QMEA school Pioneer SHS students Georgia Hansen, Lacey Jackson, BMA engineer Chelsea Bradshaw and Maddison Myles.
QMEA school Pioneer SHS students Georgia Hansen, Lacey Jackson, BMA engineer Chelsea Bradshaw and Maddison Myles. CONTRIBUTED

Resource hub could be key to Mackay's success

A NEW resource sector job is created every 57 minutes in Queensland.

That's up from the past year, where there was a new resource job created every hour.

Queensland Resources Council chief Ian Macfarlane said the resources sector had created 11,600 jobs - a 21 per cent increase - from the period starting from November 2017 to the end of February 2019.

"The Queensland resources industry is delivering for Queensland - more jobs, more investment, more exports and more royalties for Queensland,” he said.

The Our Future Mackay series has over the past week used demographer Bernard Salt's data report on Mackay to deep dive into the important issues affecting our region.

Employment, specifically in the resource sector, affects everyone in our region.

The data provided in Mr Salt's report shows jobs in the mining sector are well above the national average but education and training lags far behind the rest of the country.

It also shows Mackay is bound to face growing pains when it comes to filling vacant jobs in skilled positions.

Resource Industry Network general manager Adrienne Rourke said the low unemployment rate in Mackay did not tell the full story about employment in our region.

"The flipside to it is there are many jobs in the resource sector, sitting unfilled and businesses are stalled when they should be growing,” she said.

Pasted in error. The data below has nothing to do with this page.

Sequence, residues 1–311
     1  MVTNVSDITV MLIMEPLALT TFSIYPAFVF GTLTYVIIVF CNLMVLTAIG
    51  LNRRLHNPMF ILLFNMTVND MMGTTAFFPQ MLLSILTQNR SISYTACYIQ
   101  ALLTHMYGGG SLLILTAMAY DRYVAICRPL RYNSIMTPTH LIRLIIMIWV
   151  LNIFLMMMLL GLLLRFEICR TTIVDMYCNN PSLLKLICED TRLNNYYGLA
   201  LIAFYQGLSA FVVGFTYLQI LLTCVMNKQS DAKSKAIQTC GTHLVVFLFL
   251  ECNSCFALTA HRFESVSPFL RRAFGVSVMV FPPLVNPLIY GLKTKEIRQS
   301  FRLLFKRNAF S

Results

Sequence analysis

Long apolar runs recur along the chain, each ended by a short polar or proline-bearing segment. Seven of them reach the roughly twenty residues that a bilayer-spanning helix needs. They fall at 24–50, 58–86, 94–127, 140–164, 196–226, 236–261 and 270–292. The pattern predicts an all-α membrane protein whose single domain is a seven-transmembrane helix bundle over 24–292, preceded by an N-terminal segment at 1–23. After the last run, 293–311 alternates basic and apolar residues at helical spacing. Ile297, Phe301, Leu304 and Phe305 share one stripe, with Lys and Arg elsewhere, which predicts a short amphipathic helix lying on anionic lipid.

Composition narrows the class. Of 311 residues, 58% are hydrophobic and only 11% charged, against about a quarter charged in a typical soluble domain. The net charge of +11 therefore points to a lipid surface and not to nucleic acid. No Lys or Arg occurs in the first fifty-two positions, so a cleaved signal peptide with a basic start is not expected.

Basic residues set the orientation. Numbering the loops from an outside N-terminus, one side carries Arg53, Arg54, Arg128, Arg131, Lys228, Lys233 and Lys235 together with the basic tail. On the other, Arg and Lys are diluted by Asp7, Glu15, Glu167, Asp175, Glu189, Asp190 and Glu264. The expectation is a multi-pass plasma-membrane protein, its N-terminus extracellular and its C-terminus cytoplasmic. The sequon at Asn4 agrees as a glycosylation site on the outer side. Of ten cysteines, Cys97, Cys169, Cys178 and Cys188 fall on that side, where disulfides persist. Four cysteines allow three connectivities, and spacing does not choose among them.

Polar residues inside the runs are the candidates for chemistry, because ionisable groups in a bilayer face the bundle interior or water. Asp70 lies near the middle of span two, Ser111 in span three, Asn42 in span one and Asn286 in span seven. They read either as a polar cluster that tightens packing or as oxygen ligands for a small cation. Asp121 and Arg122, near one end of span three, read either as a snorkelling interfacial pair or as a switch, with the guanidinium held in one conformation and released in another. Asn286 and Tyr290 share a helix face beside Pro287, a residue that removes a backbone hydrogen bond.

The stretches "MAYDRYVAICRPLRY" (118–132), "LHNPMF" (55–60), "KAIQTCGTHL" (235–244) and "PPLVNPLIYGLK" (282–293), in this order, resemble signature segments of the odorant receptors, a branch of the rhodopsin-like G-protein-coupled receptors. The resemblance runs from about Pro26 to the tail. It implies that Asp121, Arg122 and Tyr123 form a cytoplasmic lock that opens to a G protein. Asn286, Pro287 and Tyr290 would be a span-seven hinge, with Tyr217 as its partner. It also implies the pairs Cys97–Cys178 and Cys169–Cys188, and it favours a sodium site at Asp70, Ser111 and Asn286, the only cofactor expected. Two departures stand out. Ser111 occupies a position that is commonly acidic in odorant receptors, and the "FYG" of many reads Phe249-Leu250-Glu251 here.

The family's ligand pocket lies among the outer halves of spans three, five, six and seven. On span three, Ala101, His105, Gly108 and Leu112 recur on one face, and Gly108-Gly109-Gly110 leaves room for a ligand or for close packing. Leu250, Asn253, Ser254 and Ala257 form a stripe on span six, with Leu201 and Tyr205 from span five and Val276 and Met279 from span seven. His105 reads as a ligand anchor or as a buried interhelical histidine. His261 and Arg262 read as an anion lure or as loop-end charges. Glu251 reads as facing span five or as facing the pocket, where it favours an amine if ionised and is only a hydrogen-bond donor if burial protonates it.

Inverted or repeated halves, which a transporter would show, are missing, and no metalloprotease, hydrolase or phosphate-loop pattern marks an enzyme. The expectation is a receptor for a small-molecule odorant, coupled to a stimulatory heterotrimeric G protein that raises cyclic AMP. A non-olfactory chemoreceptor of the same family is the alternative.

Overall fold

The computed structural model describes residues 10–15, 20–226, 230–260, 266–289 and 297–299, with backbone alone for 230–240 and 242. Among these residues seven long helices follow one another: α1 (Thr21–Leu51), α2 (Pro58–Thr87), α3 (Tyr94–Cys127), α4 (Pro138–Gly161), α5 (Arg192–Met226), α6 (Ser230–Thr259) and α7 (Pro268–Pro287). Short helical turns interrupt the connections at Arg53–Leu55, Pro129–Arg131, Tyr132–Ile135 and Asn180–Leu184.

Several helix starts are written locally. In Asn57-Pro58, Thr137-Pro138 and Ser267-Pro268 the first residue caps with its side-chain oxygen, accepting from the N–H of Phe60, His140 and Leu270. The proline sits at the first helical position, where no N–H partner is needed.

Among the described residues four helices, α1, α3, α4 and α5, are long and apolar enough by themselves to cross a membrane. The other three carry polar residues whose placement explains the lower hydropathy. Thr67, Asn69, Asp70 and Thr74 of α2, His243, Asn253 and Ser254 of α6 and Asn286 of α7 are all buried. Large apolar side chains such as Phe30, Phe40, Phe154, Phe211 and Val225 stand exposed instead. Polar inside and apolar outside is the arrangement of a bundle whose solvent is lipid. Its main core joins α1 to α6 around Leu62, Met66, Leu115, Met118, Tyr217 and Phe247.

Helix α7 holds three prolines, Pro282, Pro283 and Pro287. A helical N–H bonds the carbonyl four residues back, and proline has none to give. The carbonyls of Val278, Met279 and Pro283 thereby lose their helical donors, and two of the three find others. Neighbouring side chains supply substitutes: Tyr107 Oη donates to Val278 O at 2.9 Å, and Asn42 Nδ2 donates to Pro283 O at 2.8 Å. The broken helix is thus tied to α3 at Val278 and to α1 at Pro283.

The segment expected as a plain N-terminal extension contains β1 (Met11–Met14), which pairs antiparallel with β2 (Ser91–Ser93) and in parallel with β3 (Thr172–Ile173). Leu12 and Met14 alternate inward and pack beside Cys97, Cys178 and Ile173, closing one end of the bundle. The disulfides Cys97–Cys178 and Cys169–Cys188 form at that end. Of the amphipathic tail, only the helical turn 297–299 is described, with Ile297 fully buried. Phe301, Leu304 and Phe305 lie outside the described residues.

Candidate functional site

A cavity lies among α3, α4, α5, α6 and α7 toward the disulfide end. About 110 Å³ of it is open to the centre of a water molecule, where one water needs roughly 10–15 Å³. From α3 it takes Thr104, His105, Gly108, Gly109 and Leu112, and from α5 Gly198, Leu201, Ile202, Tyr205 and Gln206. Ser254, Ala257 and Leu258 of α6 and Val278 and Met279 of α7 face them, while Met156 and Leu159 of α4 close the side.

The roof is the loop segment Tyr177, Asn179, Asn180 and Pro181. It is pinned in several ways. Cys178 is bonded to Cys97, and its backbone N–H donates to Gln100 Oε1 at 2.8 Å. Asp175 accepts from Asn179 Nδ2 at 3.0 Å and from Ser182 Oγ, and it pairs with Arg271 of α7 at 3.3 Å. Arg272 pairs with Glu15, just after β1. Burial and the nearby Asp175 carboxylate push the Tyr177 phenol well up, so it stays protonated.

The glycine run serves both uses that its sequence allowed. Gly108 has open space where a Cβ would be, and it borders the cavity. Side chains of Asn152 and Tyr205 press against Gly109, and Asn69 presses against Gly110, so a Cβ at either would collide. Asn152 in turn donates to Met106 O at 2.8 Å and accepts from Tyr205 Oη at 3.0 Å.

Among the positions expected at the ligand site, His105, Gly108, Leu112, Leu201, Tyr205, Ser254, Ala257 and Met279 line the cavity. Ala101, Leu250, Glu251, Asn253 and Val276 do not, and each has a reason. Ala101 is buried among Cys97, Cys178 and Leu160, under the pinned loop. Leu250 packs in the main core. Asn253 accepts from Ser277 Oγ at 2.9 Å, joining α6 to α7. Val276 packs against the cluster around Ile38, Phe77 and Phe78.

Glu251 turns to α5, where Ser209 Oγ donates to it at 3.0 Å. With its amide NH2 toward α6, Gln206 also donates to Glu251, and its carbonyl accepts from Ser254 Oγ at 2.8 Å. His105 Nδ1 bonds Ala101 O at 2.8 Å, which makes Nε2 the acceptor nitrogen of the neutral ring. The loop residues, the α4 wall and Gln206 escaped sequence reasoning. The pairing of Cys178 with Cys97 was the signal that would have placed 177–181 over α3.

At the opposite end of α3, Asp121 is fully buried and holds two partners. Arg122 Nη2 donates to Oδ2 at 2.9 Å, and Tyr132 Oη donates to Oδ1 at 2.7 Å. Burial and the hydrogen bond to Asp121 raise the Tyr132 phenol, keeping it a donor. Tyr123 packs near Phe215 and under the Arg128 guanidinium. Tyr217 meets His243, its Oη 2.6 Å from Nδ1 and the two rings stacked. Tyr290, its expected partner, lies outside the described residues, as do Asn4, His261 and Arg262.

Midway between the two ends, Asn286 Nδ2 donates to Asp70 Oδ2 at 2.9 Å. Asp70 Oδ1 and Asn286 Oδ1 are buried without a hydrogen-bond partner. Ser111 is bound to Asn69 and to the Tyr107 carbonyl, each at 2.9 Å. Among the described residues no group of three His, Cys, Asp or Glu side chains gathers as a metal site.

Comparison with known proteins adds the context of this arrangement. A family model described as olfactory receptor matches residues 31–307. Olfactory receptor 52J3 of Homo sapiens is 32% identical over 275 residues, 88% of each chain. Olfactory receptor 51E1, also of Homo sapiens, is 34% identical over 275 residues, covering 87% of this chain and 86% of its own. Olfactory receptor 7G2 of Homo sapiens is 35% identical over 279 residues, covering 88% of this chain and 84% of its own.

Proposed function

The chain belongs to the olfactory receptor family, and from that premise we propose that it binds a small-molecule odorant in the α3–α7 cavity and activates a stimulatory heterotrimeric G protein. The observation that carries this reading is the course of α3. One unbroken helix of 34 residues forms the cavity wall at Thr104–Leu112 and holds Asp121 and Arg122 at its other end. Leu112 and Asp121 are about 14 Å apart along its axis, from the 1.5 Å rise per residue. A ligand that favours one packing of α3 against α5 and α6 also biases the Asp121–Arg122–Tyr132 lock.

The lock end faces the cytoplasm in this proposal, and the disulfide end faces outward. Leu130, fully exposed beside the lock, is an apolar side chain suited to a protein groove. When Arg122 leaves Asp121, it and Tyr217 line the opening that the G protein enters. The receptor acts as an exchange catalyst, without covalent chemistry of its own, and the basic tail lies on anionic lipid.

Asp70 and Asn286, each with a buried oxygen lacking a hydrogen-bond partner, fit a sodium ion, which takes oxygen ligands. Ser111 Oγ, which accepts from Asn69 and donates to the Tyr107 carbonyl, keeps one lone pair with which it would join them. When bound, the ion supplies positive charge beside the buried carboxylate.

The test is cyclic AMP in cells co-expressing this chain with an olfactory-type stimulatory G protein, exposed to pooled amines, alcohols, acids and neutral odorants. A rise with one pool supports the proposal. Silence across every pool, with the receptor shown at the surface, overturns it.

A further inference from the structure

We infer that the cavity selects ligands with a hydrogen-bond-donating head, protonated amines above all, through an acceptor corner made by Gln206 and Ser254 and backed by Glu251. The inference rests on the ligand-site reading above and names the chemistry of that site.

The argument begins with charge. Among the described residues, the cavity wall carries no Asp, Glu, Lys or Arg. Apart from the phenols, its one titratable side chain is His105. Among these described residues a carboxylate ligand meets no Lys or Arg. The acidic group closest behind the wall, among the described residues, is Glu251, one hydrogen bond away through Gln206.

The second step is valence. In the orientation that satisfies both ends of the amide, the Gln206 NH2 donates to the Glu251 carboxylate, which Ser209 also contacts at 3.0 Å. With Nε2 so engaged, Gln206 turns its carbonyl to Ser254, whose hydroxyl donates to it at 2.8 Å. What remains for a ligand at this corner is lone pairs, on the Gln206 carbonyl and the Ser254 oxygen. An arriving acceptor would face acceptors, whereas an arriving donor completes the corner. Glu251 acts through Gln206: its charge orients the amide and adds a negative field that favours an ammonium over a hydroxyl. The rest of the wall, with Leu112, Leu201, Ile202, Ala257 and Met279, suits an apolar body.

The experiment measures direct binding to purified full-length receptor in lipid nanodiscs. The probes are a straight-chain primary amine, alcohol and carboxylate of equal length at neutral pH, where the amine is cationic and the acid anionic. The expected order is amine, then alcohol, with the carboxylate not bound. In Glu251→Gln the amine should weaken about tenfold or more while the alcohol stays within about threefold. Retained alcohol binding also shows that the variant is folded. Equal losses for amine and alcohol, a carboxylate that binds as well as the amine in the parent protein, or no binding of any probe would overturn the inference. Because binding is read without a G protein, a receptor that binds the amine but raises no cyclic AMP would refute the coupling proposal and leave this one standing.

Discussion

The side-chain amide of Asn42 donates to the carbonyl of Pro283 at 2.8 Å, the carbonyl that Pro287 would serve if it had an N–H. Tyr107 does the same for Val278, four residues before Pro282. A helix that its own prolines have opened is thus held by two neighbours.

"There is a skilled labour shortage in Mackay. And that is across the board - health care services, professional services, retail and hospitality - everyone is seeing the pick-up in Mackay. We started to notice it within our sector in October 2016 and it has been increasing ever since.”

Future Mackay dinkus
Future Mackay dinkus Contributed

Ms Rourke said skills training was only one small aspect to a more complex issue.

Most of the vacant positions were skilled or trade-based positions which were not roles that could be filled with workers receiving four weeks of training. These are roles requiring degrees or apprenticeships.

Ms Rourke said the medium-term solution needed to come from the state and government. She said the long term goal was government's tangible confidence in the resource sector.

"There needs to be government initiatives put into place to encourage people to move to where the resource sector jobs are and to engage in those communities.”

"Governments need to open basins and fund innovations within the sector to show potential employees that careers in the resource sector were long-lasting.”

Read more on Our Future Mackay

Mackay Regional Council along with the State Government recently put up $3.6million each to fund a Resources Centre of Excellence.

The state-of-the-art METS hub will be erected at Paget and will be a centre for different mining-houses to collaborate, test and drive innovation. It will also house an underground mining simulator that can be used to train the future resource sector workforce.

"This is a game-changing project for our region that will really put us on the map as a METS centre,” Ms Rourke said.

The last piece of the puzzle was creating social infrastructure in the community.

"At the end of the day, retaining and attracting workers meant providing a happy and healthy lifestyle,” she said.

"We are undertaking a video-marketing campaign on social media about Mackay and what it has to offer.”

Mr Salt said there was something he had come across during his travels throughout Australia "called metropolitan chauvinism”

"It's where we're led to believe that capital cities are the repositories of culture and coolness,” he said. "They are also the repositories of unaffordable housing and disheartening commutes.

"I think there is an image problem in regional Australia. There is a public relations exercise that needs to happen and perhaps the State Government needs to effectively communicate how great its regional centres are.”



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